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Legislative Briefs
Psych help at jail

Tim Edwards
Northern News Services
Published Friday, February 11, 2011

SOMBA K'E/YELLOWKNIFE - The Department of Justice is training someone to provide psychologist services to inmates at the North Slave Correctional Centre, according to Justice Minister Jackson Lafferty.

"That individual completed her degree program and also needs to complete one year under supervision before she can be registered," said Lafferty in the legislative assembly on Feb. 8, adding it will be complete in a few more months. "It is in the works and it's going to be happening this summer."

Currently there is just a physician on contract to provide mental health services to the inmates, and Kam Lake MLA Dave Ramsay said the current lack of a clinical psychologist in the jail is a "gaping hole in the services that are available to violent offenders here in the Northwest Territories."

Are hunters being heard?

An MLA laid out concerns that non-aboriginal voices will not play a role in the proposed amendments to the Wildlife Act in the legislative assembly on Feb. 2.

At a Jan. 15 public hearing on the amendments, Great Slave MLA Glen Abernethy said he heard, from director of wildlife Susan Fleck, that no big changes will be made at this point - only minor grammatical and wording changes.

"How can we have confidence that this consultation that's been going on since before Christmas is open and real and genuine when the director is saying clearly that they're not planning to make any substantive changes, only editorial changes?" asked Abernethy.

He did praise the government for spending a lot of time consulting aboriginal people in the creation of the amendments, but said the other half of the hunting population - non-aboriginal resident hunters - need to be represented in the amendments too.

In response, Environment Minister Michael Miltenberger said it was a "strong assertion" that the legislation is biased, and called it "categorically and unequivocally false."

"We've drafted this document and it's going to reflect what we think is in the best interests of all Northerners," said Miltenberger.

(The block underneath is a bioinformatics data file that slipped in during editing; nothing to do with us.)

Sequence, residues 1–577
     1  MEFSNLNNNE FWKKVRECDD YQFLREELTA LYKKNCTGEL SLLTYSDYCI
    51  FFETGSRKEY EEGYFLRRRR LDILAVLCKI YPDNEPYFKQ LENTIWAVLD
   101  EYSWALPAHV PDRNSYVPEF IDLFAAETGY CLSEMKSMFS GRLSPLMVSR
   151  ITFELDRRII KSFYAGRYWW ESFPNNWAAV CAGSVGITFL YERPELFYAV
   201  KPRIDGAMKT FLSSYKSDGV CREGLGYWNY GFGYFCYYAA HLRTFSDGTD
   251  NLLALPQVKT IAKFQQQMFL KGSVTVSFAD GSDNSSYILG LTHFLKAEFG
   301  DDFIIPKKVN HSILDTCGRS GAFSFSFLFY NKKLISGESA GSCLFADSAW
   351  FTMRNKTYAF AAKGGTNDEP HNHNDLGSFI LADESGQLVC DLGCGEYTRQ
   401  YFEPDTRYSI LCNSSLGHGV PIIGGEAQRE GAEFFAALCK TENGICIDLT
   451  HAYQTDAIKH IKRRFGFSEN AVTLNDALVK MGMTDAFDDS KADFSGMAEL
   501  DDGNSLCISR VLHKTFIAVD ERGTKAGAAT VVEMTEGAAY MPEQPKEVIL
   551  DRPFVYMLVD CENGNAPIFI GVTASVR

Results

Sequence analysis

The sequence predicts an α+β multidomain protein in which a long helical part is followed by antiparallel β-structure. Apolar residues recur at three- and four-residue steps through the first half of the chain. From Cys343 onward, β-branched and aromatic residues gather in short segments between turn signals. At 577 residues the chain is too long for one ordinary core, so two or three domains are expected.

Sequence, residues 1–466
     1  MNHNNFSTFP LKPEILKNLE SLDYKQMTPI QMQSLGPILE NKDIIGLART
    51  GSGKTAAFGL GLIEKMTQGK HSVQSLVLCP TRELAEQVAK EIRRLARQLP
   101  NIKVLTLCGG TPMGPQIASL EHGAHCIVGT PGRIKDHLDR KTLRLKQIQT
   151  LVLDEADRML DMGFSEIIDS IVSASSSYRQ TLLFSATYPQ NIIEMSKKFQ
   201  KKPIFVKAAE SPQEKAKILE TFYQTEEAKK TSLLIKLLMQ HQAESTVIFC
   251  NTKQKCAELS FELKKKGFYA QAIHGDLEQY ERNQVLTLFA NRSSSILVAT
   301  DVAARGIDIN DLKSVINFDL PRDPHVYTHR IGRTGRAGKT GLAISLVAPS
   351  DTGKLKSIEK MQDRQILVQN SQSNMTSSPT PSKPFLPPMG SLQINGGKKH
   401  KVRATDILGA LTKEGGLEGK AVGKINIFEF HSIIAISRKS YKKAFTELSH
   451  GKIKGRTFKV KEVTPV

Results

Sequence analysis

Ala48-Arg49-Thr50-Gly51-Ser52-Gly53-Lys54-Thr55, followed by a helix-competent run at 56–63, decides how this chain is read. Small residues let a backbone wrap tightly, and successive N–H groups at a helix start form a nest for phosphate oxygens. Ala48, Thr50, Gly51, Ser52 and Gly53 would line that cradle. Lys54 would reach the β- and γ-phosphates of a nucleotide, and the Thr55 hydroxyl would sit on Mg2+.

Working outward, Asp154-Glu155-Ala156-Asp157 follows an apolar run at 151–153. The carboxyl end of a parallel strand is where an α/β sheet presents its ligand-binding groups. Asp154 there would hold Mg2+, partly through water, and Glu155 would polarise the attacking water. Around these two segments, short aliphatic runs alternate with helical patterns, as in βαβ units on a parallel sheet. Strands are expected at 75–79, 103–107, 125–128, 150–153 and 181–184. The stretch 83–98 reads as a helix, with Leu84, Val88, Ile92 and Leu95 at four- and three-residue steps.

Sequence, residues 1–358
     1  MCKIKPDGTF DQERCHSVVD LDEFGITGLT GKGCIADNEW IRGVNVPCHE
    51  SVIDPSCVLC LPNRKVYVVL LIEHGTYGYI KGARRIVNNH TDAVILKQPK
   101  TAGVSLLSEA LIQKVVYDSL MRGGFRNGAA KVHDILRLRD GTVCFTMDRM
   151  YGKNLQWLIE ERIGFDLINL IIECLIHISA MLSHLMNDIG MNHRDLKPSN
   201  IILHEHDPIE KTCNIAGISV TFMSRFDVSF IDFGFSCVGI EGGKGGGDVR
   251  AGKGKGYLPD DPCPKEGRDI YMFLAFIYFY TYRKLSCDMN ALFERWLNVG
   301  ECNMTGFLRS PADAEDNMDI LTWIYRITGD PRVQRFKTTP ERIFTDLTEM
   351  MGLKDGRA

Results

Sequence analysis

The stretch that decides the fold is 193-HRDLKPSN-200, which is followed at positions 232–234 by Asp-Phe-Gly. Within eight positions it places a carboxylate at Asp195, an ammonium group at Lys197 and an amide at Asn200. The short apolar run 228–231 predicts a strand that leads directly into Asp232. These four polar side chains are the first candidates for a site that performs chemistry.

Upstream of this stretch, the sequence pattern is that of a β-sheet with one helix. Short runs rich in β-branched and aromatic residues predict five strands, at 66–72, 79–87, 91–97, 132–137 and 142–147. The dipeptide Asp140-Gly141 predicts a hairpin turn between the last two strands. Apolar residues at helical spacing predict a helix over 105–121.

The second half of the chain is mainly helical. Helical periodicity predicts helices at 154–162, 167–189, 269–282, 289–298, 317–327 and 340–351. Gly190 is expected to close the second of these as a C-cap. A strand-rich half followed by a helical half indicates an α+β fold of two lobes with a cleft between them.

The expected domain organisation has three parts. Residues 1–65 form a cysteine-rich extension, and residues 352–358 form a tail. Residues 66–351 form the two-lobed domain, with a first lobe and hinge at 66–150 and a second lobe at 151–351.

Some changes under the proposed amendments lower the residency requirements for a resident hunters license from two years to one, and aboriginal hunters would no longer need a license to hunt or report the number of animals they harvest.

Lighting is good, but is it energy efficient?

After the speed limit to the entrance to the Niven subdivision at Highway 4 to 60 km/h from 70 km/h, the area's MLA said there needs to be lighting - and energy efficient lighting, at that.

"What I'd like to request to the (Minister of Transportation, Michael McLeod) is would he consider, would he put in place lighting that would take care of that safety issue?" asked Weledeh MLA Bob Bromley in the legislative assembly on Tuesday. "During a large part of our year it's dark, it's very unsafe for people walking along there."

McLeod said he would definitely consider it, though if lights were going to be installed it probably wouldn't happen this year.

"We have plans to put in more guard rails, signs, and things of that nature, and that includes also looking at putting in lighting where we have some intersections," said McLeod, adding his department would be consulting the City of Yellowknife on this issue first and foremost. As well, he said his department has budgeted to put lighting in at the airport intersection on Highway 3.

Bromley, a prominent speaker on environmental issues in the territory, followed up by thanking McLeod for considering the lighting, but added "can we expect this to include the most energy efficient LED lighting with the appropriate shading to make use of the lighting?"

McLeod responded, laughing, by asking if he'd misheard Bromley asking if his department would use the "cheapest" lighting available, but added in a serious tone that his department tries to use energy efficient technology whenever it can.

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